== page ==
The adult ISA annual subscription limit for 2020/21 will remain frozen at £20,000.
The annual subscription limit for Junior ISAs and Child Trust Funds will be increased from £4,368 to £9,000 for 2020/21.
The capital gains tax annual exempt amount will increase to £12,300 for individuals and personal representatives and £6,150 for most trustees of a settlement from 6 April 2020.
There was confirmation in the Budget documents that two previously announced significant changes to the capital gains tax rules that come into play when an individual sells their home will go ahead.
One of the changes is to letting relief. Until now, this has been available to anyone who lets out a property that has previously been their home and can exempt gains up to £40,000 from capital gains tax. For disposals on or after 6 April 2020, lettings relief will no longer be available to anyone who lets out their home unless they live there along with the tenant – even for periods prior to 6 April 2020.
Moreover, the final period exemption will be reduced from 18 months to 9 months, also with effect from 6 April 2020. There will be no changes to the 36 months final period exemption available to disabled people or those in a care home.
Though not relevant to the Budget, as the law was finalised last year, it is also worth remembering that new capital gains tax reporting requirements for disposals of residential property also come in from 6 April 2020. See GOV.UK for more information.
The government will legislate in Finance Bill 2020 to clarify the income tax treatment of three new Scottish social security payments. The legislation will confirm that the following three benefits introduced by the Scottish government are exempt from income tax: Job Start; Disability Assistance for Children and Young People; and, the Scottish Child Payment. The legislation also includes a new power that enables the government to confirm by secondary legislation when new social security benefits introduced by the UK government or any of the devolved administrations will be tax exempt. The changes will take effect from April 2020.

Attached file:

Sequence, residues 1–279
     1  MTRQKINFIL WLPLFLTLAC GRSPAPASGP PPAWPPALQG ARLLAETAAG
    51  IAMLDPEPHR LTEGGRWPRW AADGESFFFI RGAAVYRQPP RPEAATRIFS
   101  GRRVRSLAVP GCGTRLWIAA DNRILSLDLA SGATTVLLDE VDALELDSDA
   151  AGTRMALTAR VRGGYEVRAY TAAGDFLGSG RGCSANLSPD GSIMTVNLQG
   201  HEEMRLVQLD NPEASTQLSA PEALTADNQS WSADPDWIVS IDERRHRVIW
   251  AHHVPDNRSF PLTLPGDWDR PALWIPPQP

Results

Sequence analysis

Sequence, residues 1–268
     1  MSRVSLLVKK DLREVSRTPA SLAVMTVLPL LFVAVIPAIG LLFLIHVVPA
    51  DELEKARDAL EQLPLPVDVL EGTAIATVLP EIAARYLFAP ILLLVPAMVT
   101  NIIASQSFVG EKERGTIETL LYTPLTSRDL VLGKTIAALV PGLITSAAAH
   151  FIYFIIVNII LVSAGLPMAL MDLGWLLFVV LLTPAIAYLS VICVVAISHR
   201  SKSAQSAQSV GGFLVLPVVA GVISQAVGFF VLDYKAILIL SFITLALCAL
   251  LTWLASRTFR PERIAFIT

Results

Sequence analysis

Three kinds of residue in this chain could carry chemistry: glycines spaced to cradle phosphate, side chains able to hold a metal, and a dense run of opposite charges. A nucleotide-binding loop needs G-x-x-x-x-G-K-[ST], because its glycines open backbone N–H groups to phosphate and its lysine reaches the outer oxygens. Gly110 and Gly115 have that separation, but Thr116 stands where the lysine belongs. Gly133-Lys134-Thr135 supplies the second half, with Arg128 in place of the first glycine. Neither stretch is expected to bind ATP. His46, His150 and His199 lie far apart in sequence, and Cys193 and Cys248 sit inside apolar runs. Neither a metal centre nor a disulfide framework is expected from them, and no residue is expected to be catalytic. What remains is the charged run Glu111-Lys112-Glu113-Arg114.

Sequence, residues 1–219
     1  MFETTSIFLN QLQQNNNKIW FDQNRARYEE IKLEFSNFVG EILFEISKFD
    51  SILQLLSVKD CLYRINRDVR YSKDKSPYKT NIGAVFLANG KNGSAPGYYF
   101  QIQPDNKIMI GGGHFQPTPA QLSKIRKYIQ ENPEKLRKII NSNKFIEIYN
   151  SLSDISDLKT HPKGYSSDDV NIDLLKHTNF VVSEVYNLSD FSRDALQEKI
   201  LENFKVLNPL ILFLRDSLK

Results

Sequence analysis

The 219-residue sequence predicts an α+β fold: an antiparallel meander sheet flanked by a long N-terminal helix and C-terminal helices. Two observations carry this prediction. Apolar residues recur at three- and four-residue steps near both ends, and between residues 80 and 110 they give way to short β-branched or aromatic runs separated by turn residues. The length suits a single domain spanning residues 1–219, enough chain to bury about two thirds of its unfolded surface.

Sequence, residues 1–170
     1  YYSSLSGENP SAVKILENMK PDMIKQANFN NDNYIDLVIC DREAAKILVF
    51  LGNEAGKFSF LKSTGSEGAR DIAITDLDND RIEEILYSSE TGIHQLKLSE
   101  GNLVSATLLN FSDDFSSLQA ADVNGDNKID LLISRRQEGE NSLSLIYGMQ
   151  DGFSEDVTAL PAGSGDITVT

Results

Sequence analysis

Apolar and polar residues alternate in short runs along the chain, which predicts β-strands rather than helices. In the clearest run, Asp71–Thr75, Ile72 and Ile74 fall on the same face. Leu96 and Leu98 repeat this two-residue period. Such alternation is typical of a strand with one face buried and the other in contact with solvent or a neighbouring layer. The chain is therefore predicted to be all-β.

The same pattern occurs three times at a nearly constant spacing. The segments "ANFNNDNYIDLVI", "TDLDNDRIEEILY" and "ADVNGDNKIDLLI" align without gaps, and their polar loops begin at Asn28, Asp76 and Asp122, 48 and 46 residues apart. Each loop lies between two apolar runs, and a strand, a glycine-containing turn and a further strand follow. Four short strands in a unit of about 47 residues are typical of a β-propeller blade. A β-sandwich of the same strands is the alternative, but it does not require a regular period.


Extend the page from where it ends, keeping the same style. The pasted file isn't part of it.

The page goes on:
The Finance Bill 2020 will introduce income tax, inheritance tax and capital gains tax exemptions for payments made on or after May 2020 under the Troubles Permanent Disablement Payment Scheme.
As announced in April 2019, the Finance Bill 2020 will introduce exemptions from income tax, inheritance tax and capital gains tax for payments made on or after 3 April 2019 under the Windrush Compensation Scheme. The legislation also includes a new power to exempt any necessary future compensation payments by statutory instrument from income tax, inheritance tax and capital gains tax, where appropriate.